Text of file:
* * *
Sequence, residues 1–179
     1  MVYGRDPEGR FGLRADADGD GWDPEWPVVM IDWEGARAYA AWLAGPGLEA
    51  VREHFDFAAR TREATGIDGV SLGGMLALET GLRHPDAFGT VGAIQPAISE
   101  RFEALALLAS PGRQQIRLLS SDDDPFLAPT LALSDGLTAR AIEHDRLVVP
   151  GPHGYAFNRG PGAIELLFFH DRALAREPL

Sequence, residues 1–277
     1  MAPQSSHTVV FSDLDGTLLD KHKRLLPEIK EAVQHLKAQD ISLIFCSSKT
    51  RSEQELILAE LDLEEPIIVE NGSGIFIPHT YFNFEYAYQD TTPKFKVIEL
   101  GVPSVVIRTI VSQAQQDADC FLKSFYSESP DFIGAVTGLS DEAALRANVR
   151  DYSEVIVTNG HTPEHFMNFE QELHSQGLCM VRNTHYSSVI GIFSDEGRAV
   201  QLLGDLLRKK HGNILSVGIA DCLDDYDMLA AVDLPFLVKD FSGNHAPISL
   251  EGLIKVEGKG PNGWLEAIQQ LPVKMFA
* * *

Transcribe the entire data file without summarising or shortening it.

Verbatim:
Sequence, residues 1–179
     1  MVYGRDPEGR FGLRADADGD GWDPEWPVVM IDWEGARAYA AWLAGPGLEA
    51  VREHFDFAAR TREATGIDGV SLGGMLALET GLRHPDAFGT VGAIQPAISE
   101  RFEALALLAS PGRQQIRLLS SDDDPFLAPT LALSDGLTAR AIEHDRLVVP
   151  GPHGYAFNRG PGAIELLFFH DRALAREPL

Sequence, residues 1–277
     1  MAPQSSHTVV FSDLDGTLLD KHKRLLPEIK EAVQHLKAQD ISLIFCSSKT
    51  RSEQELILAE LDLEEPIIVE NGSGIFIPHT YFNFEYAYQD TTPKFKVIEL
   101  GVPSVVIRTI VSQAQQDADC FLKSFYSESP DFIGAVTGLS DEAALRANVR
   151  DYSEVIVTNG HTPEHFMNFE QELHSQGLCM VRNTHYSSVI GIFSDEGRAV
   201  QLLGDLLRKK HGNILSVGIA DCLDDYDMLA AVDLPFLVKD FSGNHAPISL
   251  EGLIKVEGKG PNGWLEAIQQ LPVKMFA